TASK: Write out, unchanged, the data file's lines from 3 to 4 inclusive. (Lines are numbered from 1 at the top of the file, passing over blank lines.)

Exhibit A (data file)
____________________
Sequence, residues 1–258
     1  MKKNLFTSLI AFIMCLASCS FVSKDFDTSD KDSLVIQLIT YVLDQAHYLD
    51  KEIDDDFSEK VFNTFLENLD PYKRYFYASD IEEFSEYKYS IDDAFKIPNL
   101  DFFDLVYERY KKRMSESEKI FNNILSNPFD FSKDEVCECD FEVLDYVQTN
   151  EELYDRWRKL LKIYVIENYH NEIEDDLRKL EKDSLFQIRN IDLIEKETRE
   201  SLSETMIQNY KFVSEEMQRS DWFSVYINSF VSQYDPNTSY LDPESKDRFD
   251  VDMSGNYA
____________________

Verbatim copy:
    51  KEIDDDFSEK VFNTFLENLD PYKRYFYASD IEEFSEYKYS IDDAFKIPNL
   101  DFFDLVYERY KKRMSESEKI FNNILSNPFD FSKDEVCECD FEVLDYVQTN